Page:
A portion of the state gas tax revenues have traditionally been given to municipalities as highway user funds, but the amount of money from the state has decreased in recent years.
Frederick Mayor Randy McClement (R) said the funds — which are used to repair potholes, resurface streets and other projects — are frequently raided at the state level, leaving the city without the funding needed for maintenance.
“We’ve been hammered on this,” he said. “How are we going to fix our streets? .... We were getting about $1.4 million this year, but I’m sure that’s going to decrease.”
The raiding of transportation funds has left the city in a serious hole for funding those projects, and the O’Malley plan would leave the city further behind, passing the responsibility on to residents, McClement said.
“You can’t keep throwing it back on the backs of citizens,” McClement said. “... We’re somewhere about $8 to $8.5 million behind. They took it away; at a minimum, they’ve got to make us whole.”
Frederick officials are not the only ones concerned about the change.
James Peck, the director of Research and Information Services for the Maryland Municipal League, sent an email to the group’s legislative committee estimating that municipalities would lose $3.1 million in highway user fund revenues in fiscal 2014, and the fund would decrease 45 percent per year thereafter.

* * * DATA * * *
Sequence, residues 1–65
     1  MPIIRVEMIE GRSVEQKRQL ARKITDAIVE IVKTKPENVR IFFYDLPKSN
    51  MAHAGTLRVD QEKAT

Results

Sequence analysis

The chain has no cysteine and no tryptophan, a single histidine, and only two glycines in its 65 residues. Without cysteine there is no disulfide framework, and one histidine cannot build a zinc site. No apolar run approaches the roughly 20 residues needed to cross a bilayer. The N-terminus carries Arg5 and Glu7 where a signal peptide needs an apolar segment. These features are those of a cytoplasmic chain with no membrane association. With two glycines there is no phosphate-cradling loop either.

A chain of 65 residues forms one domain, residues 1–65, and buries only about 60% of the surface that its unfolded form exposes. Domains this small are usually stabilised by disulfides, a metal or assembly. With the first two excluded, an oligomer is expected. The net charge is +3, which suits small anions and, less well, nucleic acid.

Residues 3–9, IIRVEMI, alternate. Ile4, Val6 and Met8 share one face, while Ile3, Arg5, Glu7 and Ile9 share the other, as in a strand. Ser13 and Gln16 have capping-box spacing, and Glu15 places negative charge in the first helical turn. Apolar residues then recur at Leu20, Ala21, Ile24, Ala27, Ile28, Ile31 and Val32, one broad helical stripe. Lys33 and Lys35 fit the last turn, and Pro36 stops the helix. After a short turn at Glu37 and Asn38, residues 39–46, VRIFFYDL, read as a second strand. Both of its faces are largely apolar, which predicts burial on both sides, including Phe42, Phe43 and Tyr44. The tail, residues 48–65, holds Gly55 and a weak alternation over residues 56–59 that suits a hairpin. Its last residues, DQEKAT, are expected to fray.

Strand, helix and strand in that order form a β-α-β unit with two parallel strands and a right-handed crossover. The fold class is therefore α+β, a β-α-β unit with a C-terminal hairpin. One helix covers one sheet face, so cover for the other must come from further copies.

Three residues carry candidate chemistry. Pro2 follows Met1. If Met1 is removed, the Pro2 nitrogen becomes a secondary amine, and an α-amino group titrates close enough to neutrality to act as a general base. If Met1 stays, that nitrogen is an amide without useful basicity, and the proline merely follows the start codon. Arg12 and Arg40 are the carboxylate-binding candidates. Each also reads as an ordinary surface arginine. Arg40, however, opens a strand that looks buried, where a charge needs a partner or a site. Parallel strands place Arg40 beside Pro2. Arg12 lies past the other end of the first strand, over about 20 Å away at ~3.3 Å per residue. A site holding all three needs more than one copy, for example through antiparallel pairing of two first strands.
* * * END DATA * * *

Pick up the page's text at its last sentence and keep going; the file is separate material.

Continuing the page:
“Should this legislation pass in its current form, monies generated from future indexed gas tax rate increases and monies generated from a new sales tax on gas would not be shared with local government,” he wrote.
But the proposal won’t just mean less money is available at the municipal level.
John Townsend II, spokesman for AAA Mid-Atlantic, said O’Malley’s proposal would also bring drastic changes to consumers.
He said gas prices averaged $3.59 in 2012 but would have been about $3.70 under the O’Malley proposal.
AAA had earlier supported the Blue Ribbon Commission on Transportation Funding which had called for an increase of 15 cents per gallon in the state’s gas tax to raise additional revenues for the Transportation Trust Fund, but with a “lockbox” on the fund to keep the state from raiding it to balance the budget.
He said AAA splits state gas taxes into three tiers: more than 48.8 cents per gallon; between 40 cents and 48.8 cents; and below 40 cents.
Maryland residents currently pay 41.9 cents per gallon in combined state and federal tax, which is 27th in the nation, but that would spike to nearly 50 cents per gallon in total tax next year.
The state is already experiencing its highest gas prices ever for March, and the additional tax would just increase the burden on consumers, Townsend said.
“That tax increase in the sales tax will never go away,” he said. “The assumptions we’re making is the distributors will pass the savings [from the O’Malley plan] on to the consumer — that assumes they’ve had a change of heart and are giving back, despite not doing that before.”
Staff Writer Holly Nunn contributed to this story.